ILTA Monday Thoughts

I’ve tried in the past to do daily blog posts, or posts about individual sessions, at ILTA, only to get sidetracked by the avalanche of things to do rather than sit and write in previous years. So, while I’m writing up thoughts about conference from today, I’m not making any promises that will continue to be a daily occurrence. 😉

The great thing about ILTA, of course, are the people you connect with, and Sunday night having an opening reception is a great chance to start the week off by reconnecting with old friends, and make some new ones, before the real sessions start. Obviously, that was especially poignant for me this year, having left one area of the country and gone to work for a new firm. Sunday was a chance to catch up with folks from Columbus who I’ve known for a few years, or worked with at my old firm, and a chance to officially meet some of the folks from my new firm who aren’t based in Greenville. Good times.

This morning though, did not start with a keynote for me, it started with a demo of a new product on the market from Humanizing Technologies called Cavo. Well, actually, it’s not even on the market yet, it’s still in beta, but it might be worth keeping an eye out for. They’ve apparently spent the last 10 years doing R&D on a truly end-to-end ediscovery platform, taking data from collection all the way through trial presentation in one platform, complete with project and process management tools built directly in to the product. It’s an ambitious project, and time will tell whether they can provide that in a stable platform, but I like the way they are thinking, taking a matter as one large project, as opposed to a number of smaller projects.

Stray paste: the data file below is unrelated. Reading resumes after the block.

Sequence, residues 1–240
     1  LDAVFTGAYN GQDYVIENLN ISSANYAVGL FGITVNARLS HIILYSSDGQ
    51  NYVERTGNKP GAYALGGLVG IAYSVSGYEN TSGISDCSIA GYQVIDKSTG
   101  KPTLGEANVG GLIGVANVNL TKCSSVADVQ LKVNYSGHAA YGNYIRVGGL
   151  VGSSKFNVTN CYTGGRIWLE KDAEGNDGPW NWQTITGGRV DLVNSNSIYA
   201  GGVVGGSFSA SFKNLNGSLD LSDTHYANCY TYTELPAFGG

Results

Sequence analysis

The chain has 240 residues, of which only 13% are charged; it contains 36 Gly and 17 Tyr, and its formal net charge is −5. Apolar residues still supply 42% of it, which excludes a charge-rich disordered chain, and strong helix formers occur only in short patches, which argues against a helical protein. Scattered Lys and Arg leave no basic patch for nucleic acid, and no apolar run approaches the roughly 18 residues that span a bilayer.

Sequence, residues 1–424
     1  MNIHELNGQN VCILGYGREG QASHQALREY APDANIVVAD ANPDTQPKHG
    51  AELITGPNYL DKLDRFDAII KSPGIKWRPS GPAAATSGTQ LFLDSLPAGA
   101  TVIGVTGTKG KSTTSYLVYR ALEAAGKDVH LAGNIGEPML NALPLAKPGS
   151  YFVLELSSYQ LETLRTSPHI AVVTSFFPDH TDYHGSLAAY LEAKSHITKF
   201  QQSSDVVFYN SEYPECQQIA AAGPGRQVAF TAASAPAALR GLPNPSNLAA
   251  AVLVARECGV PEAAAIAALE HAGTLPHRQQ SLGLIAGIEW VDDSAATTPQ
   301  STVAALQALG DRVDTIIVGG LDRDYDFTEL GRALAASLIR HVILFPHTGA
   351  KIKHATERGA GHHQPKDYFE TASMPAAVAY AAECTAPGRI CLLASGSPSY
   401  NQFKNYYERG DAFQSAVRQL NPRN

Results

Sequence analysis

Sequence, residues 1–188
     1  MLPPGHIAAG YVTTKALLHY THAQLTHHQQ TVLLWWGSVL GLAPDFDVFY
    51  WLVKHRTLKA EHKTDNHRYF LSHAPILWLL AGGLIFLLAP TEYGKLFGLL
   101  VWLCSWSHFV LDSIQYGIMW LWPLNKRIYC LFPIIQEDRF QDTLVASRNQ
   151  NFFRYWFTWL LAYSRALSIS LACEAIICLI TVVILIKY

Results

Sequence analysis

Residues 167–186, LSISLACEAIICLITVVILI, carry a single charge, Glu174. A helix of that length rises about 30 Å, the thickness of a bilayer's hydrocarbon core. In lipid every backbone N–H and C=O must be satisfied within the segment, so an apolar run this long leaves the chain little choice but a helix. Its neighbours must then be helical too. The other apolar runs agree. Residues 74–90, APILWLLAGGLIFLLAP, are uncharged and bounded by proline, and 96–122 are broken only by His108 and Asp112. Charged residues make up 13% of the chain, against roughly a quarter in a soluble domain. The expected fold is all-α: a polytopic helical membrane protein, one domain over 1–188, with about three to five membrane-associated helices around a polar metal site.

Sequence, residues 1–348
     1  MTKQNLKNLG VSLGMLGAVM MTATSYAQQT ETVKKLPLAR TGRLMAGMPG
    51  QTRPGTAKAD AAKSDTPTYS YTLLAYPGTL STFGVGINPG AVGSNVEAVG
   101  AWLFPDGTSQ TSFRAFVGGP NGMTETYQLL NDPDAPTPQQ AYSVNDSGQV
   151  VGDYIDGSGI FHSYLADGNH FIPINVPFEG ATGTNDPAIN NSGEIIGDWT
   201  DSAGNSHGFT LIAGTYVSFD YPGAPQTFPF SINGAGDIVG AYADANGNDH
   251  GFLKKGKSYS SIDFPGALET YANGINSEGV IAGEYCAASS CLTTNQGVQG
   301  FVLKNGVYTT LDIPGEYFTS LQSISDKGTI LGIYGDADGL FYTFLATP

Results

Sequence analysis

From there, it was off to the Litigation and Practice Support Peer Group session on professional development.

That session involved breaking into 3 groups to discuss three different aspects of development; retention, training, and accountability, and then reporting back to the whole group. We were pretty successful in documenting the challenges, but I’m not sure we came up with many big solutions! I was in the training group, and while we recognize that the big challenges involve getting budget dollars, and time, for training and balancing out the need to both, keep our people trained, but also to do training for attorneys and paralegals, with keeping up with an increasing workload, I’m not sure that there are easy answers out there for that. Ditto the retention and accountability. How do you find time to even have a retention program or do full-blown assessments of staff when you are already stretched beyond the breaking point?